beyond-learning-by-doing-theoretical-currents-in-experiential-jay-w-roberts-paperback-cover-artBeyond Learning By Doing: Theoretical Currents in Experiential Education — By Jay W. Roberts
Recommended by Jesse Beightol, Eagle Rock’s Outdoor Education Instructional Specialist

This book gave me a deeper understanding of the historical roots of Experiential Education. Though many educators value “experience,” experiential education is difficult to define and truly understand. This book looks at the many facets of this approach to education, and then challenges educators to learn from the past in order to continually improve in the future.

Science-as-Thinking-book-coverScience As Thinking: The Constants and Variables of Inquiry Teaching — By Wendy Ward Hoffer
Recommended by Janet Johnson, Eagle Rock’s Science Instructional Specialist

This book is based on backwards planning — and so it follows the model we use here at Eagle Rock — but it focuses specifically on scientific thinking and how inquiry looks as a scientist. What does “thinking like a scientist” mean? How do we capture that thinking in student work? How can we merge that with other strategies that we learn and apply it to science? For example, the practice of Continue reading…

Our Report From The School Reform Initiative’s Winter Meeting

In mid-January, some of our faculty and staff traveled across the country to attend the School Reform Initiative’s (SRI) Winter Meeting held in Cambridge, Mass. If you’re unfamiliar with it, SRI is an organization that helps people and organizations create “transformational learning communities that are fiercely committed to educational equity and excellence.”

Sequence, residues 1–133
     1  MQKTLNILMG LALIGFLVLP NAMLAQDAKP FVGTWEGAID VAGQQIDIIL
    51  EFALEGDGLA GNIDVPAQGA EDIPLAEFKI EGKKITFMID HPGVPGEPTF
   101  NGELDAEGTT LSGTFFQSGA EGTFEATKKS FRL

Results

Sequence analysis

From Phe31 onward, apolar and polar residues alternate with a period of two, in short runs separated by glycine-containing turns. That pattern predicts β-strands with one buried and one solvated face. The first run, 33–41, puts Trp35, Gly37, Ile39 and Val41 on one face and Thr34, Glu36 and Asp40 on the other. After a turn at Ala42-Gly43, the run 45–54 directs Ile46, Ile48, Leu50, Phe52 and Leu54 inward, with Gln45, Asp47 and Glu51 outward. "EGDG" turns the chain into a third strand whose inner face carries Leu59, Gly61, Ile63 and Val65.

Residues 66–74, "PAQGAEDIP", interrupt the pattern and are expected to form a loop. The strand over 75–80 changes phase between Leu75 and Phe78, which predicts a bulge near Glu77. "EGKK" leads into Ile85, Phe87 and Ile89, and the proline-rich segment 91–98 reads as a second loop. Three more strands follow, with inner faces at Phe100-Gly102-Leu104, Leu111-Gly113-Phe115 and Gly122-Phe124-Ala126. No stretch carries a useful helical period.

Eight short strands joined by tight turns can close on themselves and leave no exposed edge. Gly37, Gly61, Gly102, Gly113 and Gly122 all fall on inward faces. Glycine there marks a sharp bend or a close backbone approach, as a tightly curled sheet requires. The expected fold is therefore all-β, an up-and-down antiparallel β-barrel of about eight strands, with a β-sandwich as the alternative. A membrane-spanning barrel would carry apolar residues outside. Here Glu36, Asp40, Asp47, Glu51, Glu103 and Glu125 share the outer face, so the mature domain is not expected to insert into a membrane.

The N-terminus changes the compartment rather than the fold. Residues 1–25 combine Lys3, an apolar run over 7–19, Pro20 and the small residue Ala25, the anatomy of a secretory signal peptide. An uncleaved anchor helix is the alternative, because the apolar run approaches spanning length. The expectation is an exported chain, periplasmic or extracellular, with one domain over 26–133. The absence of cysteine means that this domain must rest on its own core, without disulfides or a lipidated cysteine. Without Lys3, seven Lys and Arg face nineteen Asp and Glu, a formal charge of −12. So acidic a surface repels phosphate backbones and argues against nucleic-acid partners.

SRI14_ERSDuring this annual winter event, participants from all over the nation gathered to explore SRI’s core practices:

  • Critical Friends Groups (CFG’s)
  • Facilitative Leadership
  • Collaborative Learning

After a brief opening ceremony, participants split into small groups and immediately began to explore shared professional dilemmas, student work, and lesson plans. Each group featured six to eight participants, which gave each educator the opportunity to receive feedback on his or her own work as well as facilitate another person’s presentation. As an aside, the purpose of a CFG is to use “protocols” — structured conversations — as a means for educators to support each other and gain diverse perspectives on their work. Each protocol is tailored to produce different results, with some participants examining and modifying work while others presented questions or created action steps.

This CFG work is at the heart of the meeting and is a primary reason why Continue reading…